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      • And happy new year to you, your husband (so good to meet him late last year) and family.

        Here’s a thought. Perhaps 2019 will be a year when we might see a gathering of interested people with a spirit of critical inquiry about the models that have recently been developed, without the usual rah-rah of ‘we are the best’?? Perhaps the critical lenses could be multiple, like ethics, effectiveness, unintended consequences, not sure what else? Could even be good to try and clarify the real needs (in order to thrive) of people living with dementia and dependencies. Could be a good contribution to coincide with the Royal Commission?

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      • Hi there Kate, yes 🙂 What do u think is a good first step? Perhaps a phone/Skype conversation? I am on leave til the end of the month, but very happy (truly) to have a chat in the next couple of weeks before stuff gets too busy. Happy to be guided by you. Warm wishes Jane
        http://www.sherwinconsulting.com.au

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      • Hi Jane, I’d love to have a chat next week. I’ve removed your phone number from your online comment for your privacy, but saved it and will send you a text with a couple of possible times. Take care, Kate

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  2. Pingback: Sunday Musings – 30 December 2018 – When The Fog Lifts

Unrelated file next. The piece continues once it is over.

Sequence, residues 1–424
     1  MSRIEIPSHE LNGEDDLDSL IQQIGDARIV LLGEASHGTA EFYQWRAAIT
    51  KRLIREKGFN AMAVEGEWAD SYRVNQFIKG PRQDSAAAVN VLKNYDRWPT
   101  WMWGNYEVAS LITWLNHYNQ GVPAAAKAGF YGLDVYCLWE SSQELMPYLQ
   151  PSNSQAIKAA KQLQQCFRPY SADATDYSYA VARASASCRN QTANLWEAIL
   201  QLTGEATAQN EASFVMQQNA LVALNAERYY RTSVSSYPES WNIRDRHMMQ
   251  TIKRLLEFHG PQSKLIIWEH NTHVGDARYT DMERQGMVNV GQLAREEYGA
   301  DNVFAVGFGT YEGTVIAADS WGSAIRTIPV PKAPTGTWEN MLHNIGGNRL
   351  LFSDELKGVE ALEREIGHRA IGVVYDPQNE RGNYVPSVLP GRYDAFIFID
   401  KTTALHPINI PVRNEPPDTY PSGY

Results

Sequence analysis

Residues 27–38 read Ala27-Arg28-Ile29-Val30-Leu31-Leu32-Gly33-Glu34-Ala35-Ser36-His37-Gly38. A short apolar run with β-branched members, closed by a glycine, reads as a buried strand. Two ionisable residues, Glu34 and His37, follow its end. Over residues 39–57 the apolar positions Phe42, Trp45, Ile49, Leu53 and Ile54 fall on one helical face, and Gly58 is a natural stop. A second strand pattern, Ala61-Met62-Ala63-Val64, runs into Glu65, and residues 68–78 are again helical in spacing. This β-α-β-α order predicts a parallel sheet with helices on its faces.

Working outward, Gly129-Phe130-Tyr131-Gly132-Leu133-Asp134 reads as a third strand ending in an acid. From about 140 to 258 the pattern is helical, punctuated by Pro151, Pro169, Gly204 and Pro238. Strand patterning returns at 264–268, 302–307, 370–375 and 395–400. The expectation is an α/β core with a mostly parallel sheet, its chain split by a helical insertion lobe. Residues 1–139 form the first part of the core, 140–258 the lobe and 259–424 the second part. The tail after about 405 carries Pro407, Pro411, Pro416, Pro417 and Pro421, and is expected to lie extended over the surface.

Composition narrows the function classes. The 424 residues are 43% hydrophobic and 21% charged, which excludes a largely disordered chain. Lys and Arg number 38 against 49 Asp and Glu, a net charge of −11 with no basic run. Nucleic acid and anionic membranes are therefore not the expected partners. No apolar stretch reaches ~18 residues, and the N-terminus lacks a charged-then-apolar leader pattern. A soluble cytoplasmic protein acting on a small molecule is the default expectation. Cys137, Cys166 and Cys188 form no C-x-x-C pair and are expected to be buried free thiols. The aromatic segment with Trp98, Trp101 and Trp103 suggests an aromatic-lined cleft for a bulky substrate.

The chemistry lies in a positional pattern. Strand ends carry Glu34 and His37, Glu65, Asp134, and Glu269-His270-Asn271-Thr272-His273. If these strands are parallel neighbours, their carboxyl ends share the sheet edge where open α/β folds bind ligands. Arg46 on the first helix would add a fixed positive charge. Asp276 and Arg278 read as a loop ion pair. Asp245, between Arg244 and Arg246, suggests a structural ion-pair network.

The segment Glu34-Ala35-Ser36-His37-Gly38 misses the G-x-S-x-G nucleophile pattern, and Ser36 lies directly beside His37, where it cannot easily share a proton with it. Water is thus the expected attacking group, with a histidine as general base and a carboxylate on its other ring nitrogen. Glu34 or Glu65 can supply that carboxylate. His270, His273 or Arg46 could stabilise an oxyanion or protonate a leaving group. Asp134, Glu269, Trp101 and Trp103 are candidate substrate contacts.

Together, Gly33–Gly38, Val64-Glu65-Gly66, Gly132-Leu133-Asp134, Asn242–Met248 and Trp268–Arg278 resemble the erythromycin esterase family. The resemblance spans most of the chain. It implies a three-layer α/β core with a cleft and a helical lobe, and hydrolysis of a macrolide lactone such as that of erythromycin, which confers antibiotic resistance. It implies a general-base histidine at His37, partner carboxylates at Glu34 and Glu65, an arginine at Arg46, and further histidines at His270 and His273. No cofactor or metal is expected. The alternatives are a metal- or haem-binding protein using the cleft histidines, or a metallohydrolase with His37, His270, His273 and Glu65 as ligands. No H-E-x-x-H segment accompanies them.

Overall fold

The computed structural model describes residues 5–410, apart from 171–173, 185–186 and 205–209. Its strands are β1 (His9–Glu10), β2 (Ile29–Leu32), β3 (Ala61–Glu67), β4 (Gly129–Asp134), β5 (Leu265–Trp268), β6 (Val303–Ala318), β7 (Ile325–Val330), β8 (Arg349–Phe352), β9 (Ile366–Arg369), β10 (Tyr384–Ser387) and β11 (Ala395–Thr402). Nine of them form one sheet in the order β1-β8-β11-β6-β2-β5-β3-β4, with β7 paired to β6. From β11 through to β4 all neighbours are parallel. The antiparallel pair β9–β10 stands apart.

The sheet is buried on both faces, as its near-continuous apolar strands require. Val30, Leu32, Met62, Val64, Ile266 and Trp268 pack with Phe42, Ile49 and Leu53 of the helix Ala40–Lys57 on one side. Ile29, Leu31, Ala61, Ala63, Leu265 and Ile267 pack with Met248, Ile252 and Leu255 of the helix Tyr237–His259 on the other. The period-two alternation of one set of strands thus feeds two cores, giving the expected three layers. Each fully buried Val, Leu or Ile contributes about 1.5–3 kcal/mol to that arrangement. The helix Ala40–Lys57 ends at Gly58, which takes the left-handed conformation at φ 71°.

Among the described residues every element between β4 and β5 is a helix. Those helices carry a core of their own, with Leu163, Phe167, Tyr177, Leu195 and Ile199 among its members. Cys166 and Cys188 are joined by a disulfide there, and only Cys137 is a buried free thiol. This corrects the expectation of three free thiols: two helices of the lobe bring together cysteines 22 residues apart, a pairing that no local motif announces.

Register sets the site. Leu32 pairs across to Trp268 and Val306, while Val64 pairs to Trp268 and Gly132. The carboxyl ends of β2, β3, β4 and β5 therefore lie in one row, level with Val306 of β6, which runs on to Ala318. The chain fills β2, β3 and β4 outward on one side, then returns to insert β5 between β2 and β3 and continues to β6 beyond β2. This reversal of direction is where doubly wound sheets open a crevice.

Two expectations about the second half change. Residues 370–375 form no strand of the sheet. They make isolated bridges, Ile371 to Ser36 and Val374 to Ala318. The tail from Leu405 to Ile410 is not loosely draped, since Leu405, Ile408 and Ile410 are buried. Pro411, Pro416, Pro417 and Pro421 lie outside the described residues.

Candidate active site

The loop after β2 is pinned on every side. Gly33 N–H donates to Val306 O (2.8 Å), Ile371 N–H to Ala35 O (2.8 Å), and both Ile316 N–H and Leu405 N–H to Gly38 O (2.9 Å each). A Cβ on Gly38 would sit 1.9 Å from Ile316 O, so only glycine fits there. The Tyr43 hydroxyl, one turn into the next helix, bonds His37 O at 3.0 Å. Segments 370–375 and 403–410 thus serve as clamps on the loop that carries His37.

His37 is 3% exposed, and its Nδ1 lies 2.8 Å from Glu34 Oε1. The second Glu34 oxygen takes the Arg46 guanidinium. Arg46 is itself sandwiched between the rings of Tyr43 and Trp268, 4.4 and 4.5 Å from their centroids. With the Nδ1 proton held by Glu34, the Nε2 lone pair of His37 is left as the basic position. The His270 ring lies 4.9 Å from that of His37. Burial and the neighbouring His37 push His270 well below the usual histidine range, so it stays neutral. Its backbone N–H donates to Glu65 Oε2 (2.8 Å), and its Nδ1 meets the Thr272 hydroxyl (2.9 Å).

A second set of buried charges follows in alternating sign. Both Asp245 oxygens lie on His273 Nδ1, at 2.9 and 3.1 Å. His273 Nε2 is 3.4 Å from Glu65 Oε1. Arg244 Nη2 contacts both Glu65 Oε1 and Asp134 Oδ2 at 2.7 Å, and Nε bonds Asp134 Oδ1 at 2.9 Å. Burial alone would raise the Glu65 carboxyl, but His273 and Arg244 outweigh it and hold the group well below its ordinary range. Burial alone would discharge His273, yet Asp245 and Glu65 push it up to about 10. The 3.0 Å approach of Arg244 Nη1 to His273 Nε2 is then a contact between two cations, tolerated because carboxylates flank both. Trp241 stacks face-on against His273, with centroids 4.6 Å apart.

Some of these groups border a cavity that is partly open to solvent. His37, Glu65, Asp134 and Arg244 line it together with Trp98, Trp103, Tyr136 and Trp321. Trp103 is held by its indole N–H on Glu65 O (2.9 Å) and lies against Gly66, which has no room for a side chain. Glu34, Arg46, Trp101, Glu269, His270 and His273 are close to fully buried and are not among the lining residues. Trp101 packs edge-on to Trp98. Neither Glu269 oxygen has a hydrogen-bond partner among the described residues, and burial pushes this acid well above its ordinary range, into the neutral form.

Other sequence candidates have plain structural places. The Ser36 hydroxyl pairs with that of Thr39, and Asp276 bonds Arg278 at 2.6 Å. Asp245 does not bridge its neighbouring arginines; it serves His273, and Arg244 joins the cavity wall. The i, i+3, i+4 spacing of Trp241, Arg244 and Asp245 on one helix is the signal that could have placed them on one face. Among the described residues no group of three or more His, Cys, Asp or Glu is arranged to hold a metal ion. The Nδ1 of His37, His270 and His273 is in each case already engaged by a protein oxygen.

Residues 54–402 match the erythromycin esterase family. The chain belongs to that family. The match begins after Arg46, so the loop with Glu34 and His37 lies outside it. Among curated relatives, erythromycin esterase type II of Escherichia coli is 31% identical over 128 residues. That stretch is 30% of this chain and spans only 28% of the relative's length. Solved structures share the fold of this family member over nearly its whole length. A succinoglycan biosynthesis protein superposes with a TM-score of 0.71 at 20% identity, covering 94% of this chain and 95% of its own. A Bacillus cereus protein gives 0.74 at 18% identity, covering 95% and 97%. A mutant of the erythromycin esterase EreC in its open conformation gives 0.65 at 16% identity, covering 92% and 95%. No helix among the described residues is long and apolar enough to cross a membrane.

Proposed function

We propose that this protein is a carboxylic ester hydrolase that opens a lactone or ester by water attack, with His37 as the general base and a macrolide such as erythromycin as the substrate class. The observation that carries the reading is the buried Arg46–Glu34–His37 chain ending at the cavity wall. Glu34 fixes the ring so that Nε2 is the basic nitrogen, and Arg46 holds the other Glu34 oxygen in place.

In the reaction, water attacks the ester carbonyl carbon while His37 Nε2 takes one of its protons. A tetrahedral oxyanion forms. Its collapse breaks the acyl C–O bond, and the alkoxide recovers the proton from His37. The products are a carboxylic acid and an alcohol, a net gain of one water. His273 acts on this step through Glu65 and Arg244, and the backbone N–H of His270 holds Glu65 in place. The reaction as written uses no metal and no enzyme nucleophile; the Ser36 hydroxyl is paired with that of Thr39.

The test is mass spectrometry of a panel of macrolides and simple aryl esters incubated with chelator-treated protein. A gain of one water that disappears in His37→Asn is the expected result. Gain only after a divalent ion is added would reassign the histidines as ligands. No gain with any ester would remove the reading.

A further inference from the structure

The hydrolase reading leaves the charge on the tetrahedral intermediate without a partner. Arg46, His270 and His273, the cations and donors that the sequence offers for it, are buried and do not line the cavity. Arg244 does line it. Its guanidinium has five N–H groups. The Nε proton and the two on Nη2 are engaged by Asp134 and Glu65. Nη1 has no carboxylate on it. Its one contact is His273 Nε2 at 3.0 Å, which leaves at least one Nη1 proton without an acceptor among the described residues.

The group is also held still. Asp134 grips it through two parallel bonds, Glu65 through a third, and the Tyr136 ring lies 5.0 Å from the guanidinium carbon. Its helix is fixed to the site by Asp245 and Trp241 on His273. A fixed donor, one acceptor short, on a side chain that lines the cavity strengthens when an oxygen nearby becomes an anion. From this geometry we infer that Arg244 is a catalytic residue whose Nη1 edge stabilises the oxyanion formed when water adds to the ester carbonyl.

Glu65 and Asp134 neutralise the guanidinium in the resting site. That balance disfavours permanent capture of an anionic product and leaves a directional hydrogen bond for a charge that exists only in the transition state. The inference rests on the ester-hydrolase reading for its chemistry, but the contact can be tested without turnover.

3. Until people without disability are prepared to give their time to help those with disability nothing will change. This means real change for those who do not have a disability: it means including all in life. It means accepting that no one has a disability. A child born with a disability does not know they have a disability until Society tells them they have a disability. Unfortunately, most people in today’s world are not prepared to pay a small price…in time and money…to give everyone a great life. Keep up the good work.

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  4. Having a foggy day so not too good at comments, but do remember a Q and A at a company I used to work for where boss said villages were a good idea, hundreds there, I was only one to query this and she said it had been said to get people to think as she disagreed with it too! I was always the awkward squad at work… Villages separate people from the community and only available to wealthy folk…enough said.